In some ways, mining is also like voting. It’s saying, ‘I choose and support this system and I trust that this system will one day benefit me. Both in terms of my own wealth generation, like an investment, but also because I want to participate in the creation and direction of this particular system.’ You can also vote by investing in stocks or putting your money in banks. Whatever you choose will further develop that agreement around money.

As JohnPaul Baric (JP), Founder of the MiningStore explains, “The entire cryptocurrency ecosystem revolves around Blockchain technology, and in turn, activity from miners. While some might choose to treat an investment in crypto as investing in a security, investing in mining hardware is the better bet worth taking. The hardware itself maintains value while also giving you the freedom to choose which coin to mine at which time. It’s why we here at MiningStore simultaneously run a large-scale Ethereum mining farm in Washington. We’re seriously behind the idea that mining will provide us the single greatest return on investment possible.” JP is an early adopter and has owned and mined Bitcoin longer than most people have heard of it.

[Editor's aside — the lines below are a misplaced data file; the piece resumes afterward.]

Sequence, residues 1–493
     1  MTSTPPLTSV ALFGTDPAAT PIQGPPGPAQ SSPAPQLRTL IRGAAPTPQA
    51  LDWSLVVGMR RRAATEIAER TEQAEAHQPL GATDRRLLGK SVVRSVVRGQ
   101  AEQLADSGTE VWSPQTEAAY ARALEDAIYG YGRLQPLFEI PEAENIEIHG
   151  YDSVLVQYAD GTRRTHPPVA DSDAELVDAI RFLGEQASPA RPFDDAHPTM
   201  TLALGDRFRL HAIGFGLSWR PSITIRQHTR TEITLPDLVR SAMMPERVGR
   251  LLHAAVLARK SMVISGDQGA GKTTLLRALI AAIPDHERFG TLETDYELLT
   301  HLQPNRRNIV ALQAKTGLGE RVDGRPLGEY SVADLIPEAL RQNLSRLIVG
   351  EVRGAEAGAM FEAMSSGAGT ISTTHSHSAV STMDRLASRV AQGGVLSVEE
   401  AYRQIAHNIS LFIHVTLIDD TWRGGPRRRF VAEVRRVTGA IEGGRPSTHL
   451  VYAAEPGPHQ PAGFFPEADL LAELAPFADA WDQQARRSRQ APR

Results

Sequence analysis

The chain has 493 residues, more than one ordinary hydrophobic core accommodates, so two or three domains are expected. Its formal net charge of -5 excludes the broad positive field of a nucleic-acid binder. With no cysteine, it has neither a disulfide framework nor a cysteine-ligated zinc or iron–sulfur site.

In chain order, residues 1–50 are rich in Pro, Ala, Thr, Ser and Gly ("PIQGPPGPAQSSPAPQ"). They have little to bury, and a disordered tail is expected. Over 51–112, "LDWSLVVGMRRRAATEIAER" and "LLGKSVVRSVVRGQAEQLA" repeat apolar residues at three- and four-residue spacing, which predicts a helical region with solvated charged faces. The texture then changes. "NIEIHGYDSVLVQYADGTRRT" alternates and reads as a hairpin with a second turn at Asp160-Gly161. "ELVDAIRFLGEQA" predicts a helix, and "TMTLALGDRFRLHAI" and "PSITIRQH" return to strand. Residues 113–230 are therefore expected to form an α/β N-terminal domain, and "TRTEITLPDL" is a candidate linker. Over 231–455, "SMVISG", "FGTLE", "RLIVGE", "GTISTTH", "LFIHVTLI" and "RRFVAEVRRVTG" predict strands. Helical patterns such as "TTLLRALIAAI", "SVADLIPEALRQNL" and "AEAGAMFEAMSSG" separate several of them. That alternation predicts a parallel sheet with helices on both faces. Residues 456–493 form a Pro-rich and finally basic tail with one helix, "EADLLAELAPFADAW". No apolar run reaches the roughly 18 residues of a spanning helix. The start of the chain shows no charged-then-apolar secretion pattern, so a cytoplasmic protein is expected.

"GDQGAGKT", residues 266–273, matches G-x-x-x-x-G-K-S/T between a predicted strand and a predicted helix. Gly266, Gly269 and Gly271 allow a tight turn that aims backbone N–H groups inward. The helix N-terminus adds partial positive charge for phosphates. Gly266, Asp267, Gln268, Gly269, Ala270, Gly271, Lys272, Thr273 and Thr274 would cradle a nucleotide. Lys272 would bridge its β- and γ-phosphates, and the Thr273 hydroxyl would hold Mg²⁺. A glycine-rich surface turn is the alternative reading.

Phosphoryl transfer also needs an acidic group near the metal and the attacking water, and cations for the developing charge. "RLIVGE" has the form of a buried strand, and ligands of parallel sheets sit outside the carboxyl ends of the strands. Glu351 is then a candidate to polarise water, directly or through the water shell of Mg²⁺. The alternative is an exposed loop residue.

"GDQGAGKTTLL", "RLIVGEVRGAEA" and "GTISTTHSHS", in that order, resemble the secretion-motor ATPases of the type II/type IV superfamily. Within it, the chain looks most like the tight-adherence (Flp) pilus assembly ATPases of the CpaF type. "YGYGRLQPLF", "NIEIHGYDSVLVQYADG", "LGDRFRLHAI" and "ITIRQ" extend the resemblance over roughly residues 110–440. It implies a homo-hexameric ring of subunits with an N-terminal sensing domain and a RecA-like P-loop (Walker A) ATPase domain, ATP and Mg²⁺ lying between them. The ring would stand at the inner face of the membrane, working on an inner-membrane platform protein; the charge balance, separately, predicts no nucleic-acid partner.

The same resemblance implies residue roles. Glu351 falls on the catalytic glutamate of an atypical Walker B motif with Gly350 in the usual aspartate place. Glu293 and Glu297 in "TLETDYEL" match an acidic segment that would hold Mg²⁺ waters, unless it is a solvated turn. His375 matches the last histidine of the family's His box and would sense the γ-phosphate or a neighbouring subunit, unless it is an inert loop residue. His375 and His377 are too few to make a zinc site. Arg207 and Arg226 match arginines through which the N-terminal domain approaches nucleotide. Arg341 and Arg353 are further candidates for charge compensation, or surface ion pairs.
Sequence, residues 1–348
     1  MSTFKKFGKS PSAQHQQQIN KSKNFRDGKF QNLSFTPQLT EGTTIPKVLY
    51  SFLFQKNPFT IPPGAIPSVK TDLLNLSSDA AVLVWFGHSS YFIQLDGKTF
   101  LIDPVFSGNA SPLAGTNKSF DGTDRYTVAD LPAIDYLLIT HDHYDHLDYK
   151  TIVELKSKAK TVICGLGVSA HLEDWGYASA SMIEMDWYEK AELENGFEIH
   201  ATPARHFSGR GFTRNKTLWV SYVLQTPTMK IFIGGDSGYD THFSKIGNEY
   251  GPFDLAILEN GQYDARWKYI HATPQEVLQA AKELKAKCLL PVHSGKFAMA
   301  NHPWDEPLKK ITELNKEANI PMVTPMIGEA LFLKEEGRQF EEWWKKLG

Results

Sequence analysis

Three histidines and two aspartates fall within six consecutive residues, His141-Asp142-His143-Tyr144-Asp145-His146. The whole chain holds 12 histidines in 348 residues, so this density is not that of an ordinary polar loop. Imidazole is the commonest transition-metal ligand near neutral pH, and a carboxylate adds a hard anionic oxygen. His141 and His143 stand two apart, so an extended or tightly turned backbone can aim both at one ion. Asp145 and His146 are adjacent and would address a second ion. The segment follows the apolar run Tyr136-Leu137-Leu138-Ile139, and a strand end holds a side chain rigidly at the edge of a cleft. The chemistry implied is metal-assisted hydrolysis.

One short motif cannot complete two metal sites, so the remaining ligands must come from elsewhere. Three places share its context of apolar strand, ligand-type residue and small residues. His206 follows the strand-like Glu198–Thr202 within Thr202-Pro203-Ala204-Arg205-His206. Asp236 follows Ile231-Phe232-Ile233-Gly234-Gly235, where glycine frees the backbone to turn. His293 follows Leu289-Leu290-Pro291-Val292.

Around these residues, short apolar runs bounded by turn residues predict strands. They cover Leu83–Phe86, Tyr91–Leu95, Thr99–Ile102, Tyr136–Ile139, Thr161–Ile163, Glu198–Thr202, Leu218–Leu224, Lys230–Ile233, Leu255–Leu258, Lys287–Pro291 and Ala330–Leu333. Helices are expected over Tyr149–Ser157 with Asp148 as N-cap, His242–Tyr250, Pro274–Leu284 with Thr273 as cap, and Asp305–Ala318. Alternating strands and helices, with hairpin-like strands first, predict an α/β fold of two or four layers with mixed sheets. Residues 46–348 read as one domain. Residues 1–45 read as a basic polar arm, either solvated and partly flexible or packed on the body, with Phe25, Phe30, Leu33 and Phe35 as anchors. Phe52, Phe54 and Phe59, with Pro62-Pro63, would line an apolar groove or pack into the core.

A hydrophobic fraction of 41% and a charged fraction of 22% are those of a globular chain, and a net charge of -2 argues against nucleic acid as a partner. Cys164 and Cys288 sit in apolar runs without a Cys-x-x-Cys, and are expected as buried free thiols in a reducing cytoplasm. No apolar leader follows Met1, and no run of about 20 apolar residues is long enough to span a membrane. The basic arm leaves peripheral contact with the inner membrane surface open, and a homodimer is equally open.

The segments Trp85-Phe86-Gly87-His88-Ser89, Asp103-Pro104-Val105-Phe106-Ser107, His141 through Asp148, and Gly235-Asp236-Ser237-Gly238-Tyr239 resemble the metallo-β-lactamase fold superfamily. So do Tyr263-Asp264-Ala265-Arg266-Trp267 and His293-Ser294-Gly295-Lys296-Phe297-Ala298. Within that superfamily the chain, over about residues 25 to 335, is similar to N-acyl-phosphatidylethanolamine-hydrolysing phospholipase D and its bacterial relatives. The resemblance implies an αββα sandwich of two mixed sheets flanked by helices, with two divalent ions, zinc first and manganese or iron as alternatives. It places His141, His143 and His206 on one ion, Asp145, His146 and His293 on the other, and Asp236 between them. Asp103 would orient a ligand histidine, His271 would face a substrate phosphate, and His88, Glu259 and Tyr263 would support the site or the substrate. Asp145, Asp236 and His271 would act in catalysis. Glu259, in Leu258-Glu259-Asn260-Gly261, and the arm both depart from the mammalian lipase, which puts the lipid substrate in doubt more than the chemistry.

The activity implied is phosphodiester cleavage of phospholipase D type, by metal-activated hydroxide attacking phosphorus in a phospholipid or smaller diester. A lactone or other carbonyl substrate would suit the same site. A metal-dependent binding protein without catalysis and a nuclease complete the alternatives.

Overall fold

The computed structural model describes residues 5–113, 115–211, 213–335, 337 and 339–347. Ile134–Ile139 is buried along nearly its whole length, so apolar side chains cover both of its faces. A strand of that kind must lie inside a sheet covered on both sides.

In addition, Rob Walther, who leads IT infrastructure and operations at MiningStore, noted that “we can compare (blockchain) to the Internet. No one owns the Internet. It’s just getting easier for people to interact with it and make money off of it. If this new technology is the way of the future, then there is room for every person or company to find a way to profit off of this and to benefit. The cost of transactions are going to be cheaper and the speed of moving money between us and our family and also to vendors is going to be faster and more secure and trustworthy. Miners are the strangers around the world that are collectively making this new infrastructure possible while generating passive income.”

We are evolving from solving the problem of exchange and moving around heavy metals to solving the problems of centralized concentration of monetary control that has not only burdened us with heavy transaction fees and long wait times, but also with insane amounts of debt and inequality based on barriers to banking and access to credit. Yes, Bitcoin was, indeed, intended to address those issues and if that is something you believe you can get behind, you might want to pick up a miner and start digging.

WATCH: JohnPaul Baric and Rob Walther of the MiningStore define and explain Bitcoin and Blockchain.

NEXT: Follow along while I discuss the technical aspects of mining.